Billing systems – necessary for roads to become utilities

I once read that AT&T was a billing system attached to a telephone network. The point was, the complexity of the phone network was incidental to the amount of technology and effort required to bill for the use of that network.

AT&T Phone Bill
AT&T Phone Bill

In contrast, road organizations often don’t have any billing system at all, and have no way interacting with their users. As they transition into road utilities, developing some form of revenue collection system from users (be it tolls or mileage fees, or indirect like fuel taxes) is essential to the operation and closing the loop so that users who benefit from the system pay for the cost of that system, and the revenue generated pays for the infrastructure users benefit from. It will become a core competency for which there will be a penalty to pay for outsourcing.

While discussion of money is often considered unseemly, if the benefits that transportation provides have economic value (and they do), users should be willing to pay for them, just as users pay for other utilities. Presently state DOTs typically have no direct revenue collection interaction with users. Turnpikes are often separate agencies, and gas taxes are similarly collected by third parties. But collecting revenue from customers is critical to transactions, and while once it was complicated to do anything other than coins or cash, today even food trucks and non-profit blogs can accept credit card transactions. (state agencies admittedly have trouble).

This is an important interaction with the consumer if done in person, or even remotely, an opportunity to manage the customer service aspects. While many utilities do this poorly (Comcast being the most obvious), it doesn’t have to be done poorly.

Initially we will think of transportation systems as charging per use. But there are many different services people may buy. For instance unlimited mileage, or unlimited off-peak mileage, or a limited number of trips per month with overage charges. All of these can be good for consumers, as it may save them money, or at least ensure the reliability of their price and travel time. It may also be useful for the organization operating the system, as they can adjust prices in advance (with fewer surprises) in order to smooth out demand. Pricing will be far more sophisticated than a simple marginal cost price charged in real-time. This implies a relationship with customers. Further, there may be value added resellers, who consumers can deal with, who each have a particular number of slots on the system, and can develop other pricing strategies.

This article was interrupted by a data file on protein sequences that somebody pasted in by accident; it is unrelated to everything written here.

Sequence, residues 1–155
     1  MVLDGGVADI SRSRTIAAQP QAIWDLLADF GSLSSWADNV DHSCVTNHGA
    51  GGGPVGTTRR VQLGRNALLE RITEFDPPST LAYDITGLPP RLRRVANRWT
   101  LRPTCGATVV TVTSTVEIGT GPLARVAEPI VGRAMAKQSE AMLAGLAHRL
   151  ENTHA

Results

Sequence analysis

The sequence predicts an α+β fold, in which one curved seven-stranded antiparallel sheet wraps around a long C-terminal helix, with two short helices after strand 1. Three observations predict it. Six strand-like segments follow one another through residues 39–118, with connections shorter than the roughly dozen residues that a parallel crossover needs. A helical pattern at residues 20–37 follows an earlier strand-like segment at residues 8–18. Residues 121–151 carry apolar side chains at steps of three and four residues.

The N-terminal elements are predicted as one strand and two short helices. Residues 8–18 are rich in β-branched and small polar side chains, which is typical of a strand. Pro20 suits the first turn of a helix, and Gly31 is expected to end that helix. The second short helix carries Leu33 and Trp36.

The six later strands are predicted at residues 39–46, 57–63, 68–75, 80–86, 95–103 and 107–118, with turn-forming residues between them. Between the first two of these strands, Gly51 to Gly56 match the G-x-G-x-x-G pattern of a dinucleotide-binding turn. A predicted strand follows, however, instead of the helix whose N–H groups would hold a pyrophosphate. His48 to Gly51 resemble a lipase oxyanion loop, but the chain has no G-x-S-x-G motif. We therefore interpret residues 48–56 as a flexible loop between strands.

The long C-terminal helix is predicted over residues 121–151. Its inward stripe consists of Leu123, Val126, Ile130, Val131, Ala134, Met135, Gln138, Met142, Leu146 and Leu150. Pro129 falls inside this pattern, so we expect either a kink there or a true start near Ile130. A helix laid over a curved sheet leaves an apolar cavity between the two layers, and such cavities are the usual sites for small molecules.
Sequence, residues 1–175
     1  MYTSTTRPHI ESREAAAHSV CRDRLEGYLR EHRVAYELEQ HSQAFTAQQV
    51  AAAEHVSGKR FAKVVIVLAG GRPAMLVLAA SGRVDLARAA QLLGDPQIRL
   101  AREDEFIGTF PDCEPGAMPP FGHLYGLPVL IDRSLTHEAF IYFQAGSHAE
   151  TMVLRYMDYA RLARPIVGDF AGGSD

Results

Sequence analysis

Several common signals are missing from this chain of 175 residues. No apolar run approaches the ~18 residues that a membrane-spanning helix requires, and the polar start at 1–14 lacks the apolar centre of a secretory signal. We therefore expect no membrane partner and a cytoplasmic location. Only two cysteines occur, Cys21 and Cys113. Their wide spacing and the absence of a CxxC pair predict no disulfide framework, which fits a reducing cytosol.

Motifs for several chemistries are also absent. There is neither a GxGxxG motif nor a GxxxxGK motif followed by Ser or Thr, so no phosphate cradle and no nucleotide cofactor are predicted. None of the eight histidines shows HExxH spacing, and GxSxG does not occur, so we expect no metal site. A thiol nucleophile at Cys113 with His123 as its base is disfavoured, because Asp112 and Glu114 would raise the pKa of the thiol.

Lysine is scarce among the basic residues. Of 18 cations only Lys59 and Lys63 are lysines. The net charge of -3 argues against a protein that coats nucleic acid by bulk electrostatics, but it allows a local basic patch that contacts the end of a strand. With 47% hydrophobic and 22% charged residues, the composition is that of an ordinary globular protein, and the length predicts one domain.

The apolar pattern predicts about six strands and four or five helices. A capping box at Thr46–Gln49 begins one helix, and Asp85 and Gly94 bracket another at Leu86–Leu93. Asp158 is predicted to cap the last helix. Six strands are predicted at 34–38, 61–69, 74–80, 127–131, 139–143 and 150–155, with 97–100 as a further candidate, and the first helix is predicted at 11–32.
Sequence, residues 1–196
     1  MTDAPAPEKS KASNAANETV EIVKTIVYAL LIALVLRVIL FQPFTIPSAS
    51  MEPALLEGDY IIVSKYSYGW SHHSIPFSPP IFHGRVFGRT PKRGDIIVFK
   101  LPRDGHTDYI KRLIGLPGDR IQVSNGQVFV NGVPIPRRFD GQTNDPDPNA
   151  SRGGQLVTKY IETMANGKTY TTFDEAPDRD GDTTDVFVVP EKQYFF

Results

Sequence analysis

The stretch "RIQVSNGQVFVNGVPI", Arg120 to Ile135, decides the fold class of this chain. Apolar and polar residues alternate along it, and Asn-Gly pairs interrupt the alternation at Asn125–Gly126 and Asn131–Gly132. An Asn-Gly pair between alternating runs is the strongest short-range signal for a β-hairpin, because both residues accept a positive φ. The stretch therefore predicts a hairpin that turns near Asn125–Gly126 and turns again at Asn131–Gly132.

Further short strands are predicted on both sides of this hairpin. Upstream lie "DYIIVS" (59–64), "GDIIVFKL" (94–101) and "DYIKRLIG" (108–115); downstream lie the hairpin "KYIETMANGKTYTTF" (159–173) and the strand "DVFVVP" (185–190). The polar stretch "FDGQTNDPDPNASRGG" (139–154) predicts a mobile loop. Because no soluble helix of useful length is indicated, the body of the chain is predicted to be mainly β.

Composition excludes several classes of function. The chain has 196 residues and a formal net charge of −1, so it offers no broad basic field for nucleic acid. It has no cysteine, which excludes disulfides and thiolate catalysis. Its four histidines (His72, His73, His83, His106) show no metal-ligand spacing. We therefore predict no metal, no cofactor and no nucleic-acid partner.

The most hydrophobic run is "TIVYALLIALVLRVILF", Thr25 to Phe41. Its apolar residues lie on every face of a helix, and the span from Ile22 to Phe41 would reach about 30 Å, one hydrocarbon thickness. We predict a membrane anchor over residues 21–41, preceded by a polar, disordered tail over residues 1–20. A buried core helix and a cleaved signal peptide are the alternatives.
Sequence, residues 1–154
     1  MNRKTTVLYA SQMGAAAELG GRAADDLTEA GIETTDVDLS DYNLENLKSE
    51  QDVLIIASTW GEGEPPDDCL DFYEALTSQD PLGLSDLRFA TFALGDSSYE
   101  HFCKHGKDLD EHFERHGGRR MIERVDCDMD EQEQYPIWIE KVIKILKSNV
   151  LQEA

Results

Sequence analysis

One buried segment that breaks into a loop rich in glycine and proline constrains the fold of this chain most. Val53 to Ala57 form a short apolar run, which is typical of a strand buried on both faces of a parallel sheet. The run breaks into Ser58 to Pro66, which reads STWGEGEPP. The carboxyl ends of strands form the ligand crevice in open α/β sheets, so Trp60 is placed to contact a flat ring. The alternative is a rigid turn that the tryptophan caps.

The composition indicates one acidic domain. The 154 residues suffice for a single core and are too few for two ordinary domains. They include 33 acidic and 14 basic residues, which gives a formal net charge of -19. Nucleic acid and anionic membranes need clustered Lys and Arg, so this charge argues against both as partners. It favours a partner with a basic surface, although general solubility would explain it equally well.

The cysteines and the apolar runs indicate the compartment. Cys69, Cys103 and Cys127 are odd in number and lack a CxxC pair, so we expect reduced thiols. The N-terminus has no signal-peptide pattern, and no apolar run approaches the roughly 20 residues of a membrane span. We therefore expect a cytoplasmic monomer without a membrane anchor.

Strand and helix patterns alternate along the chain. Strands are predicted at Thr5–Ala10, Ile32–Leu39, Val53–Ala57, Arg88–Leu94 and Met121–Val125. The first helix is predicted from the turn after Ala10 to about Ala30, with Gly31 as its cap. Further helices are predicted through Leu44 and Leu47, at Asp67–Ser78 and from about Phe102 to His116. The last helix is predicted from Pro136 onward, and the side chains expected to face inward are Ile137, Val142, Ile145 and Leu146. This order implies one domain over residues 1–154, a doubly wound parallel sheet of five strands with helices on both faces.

Closing the loop between benefits and revenue has several advantages.

  • First it is confidence building, people will clearly see that their payments go to pay for the utility, and don’t get lost in the black hole of governmental general revenue. Even though gas taxes today are hypothecated to pay for roads at the federal and most state levels, many if not most consumers are unaware and disbelieving. Yet few doubt the electric utility keeps the money it collects monthly.
  • Second, it is educational to consumers, transportation users will see what transportation costs to provide at a particular level of service at a particular time of day. The resulting incentives can only reduce consumption.
  • Third, it is educational to the agency, the agency will see what it does that provides value, and what doesn’t. A revenue forecast will be coupled with demand forecasts. There will be a real penalty for mis-forecasting.
  • Fourth, it will lead to better investments, since the return on investment will be aligned directly with the agency’s decision making process.